Tools of the Trade: Cobbler & Saddler

Throughout the month of June 2020 we will feature local businesses related to the new Tools of the Trade special exhibit now on display at the History Museum. The exhibit will run through October 12, 2020 and features the past tools and objects of various trades. The museum is open daily from 10 a.m. to 4 p.m. 

Herzberg’s Saddle Shop & Saddle Rack

When Fred Herzberg borrowed $100 from the State Bank in Kissimmee in 1917, little did he know how his shoe repair business would grow in 40 years. Beginning with a one-man operation in a 100-square-foot room, by 1957 he had more than 8,400 square feet and 13 employees, one being Fred’s son, Enoch. A shoe department was added in 1932 followed by a saddle shop in 1944. Two years later Herzberg’s moved to 12 Darlington Avenue and added boot and saddle makers.  

Two special orders stand out in the history of Herzberg’s – a pair of size 22 boots for Al Tomaini, an 8 ft., 4 ½ in. man weighing 356 pounds. The other order was for two elephant Howdy girths, eight elephant head pieces and three dozen horse and pony halters for Ringling Bros. Circus.

In 1967, Enoch gave up retail sales and concentrated on wholesale. The business was sold to Clyde and Bubba Story and Earl and Sherry Evans. Bubba, Earl and Sherry ran the business and changed the name to Saddle Rack Inc. When he was a teenager, Earl had worked at Herzberg’s sweeping, cleaning and shining shoes for 50 cents an hour. Earl learned saddlery under the Diversified Cooperative Training program as well as from two fellow Herzberg employees, Cicero Knechel and R.E. Taylor.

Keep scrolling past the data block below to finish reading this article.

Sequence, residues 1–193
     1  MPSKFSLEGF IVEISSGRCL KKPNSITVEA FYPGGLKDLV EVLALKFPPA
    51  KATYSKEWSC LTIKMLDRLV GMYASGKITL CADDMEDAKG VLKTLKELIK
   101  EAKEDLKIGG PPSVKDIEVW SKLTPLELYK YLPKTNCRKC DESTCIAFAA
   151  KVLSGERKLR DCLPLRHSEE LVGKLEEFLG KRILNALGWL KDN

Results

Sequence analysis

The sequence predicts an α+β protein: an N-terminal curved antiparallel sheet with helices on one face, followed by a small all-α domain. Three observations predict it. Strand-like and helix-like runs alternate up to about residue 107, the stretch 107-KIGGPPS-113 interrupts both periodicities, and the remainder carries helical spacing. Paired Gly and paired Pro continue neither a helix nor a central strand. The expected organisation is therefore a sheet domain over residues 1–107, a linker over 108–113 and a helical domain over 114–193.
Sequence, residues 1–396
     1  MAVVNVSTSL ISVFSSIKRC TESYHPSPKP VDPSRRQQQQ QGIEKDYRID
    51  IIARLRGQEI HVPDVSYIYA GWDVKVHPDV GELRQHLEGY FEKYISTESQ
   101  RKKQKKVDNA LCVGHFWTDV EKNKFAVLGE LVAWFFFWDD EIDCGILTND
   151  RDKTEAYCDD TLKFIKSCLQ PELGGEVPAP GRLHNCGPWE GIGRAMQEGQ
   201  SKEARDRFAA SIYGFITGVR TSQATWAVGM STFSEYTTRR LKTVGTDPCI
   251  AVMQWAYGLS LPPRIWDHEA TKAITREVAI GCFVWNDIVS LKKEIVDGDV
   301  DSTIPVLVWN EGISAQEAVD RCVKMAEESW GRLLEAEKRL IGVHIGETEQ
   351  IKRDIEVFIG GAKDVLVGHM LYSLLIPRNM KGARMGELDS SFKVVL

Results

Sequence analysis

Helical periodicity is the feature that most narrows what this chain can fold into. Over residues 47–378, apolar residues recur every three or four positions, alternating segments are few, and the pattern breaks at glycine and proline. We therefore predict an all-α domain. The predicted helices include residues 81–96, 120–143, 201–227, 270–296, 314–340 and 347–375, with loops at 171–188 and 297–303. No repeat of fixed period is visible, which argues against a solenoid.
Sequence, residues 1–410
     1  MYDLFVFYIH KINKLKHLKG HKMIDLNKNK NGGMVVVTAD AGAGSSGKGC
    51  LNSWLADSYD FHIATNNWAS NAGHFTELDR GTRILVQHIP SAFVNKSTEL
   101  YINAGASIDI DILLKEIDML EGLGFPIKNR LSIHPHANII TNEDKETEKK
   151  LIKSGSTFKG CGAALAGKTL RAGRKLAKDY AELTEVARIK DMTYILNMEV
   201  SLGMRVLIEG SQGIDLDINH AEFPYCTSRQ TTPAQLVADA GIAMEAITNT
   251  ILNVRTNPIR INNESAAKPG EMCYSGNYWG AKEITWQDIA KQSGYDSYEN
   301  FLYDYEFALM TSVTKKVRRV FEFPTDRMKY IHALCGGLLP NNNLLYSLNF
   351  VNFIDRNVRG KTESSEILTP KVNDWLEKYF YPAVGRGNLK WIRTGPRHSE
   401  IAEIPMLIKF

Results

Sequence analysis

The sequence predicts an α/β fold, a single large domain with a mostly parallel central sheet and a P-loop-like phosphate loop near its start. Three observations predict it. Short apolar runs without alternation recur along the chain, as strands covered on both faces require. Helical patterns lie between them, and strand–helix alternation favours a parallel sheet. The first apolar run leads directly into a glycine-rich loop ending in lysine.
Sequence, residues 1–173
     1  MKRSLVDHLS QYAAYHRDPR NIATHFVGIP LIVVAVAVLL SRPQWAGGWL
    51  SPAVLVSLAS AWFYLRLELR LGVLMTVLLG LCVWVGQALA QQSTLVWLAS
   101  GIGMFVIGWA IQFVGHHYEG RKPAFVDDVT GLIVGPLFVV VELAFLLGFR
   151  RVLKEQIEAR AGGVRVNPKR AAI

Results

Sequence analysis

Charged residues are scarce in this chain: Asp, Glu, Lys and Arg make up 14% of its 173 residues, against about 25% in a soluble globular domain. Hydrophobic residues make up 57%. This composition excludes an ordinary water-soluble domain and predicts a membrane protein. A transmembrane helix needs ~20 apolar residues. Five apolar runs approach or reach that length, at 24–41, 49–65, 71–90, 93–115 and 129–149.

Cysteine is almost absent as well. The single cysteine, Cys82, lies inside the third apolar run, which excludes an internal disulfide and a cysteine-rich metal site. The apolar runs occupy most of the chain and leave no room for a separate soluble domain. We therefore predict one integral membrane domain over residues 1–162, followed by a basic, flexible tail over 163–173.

The Saddle Rack continued the tradition started by Herzberg’s in 1951 of giving away a hand-tooled saddle to the Silver Spurs Rodeo’s all-around cowboy. In a 1986 interview Earl stated “the saddle hasn’t been made by hand since 1970; we now buy the saddle.” Earl gave up molding the trophy saddles out of wood and rawhide after business demanded more time be spent doing other things. The Evanses bought out the Storys in 1986. They continued the tradition of donating a saddle to the Silver Spurs and focused their business on repairing and customizing saddles, belts and even did about 10,000 baseball gloves. In late February 1998, Earl and Sherry closed the store but continued to do retail work from a trailer at Kissimmee Sports Arena.

Written by Anza Bast

Sources:

“Kissimmee Gazette” November 22, 1957, June 13, 1958

“Orlando Sentinel” January 20, 1960, February 8, 1966, December 8, 1966, May 21, 1967, June 29, 1986, May 6, 1990, February 15, 1998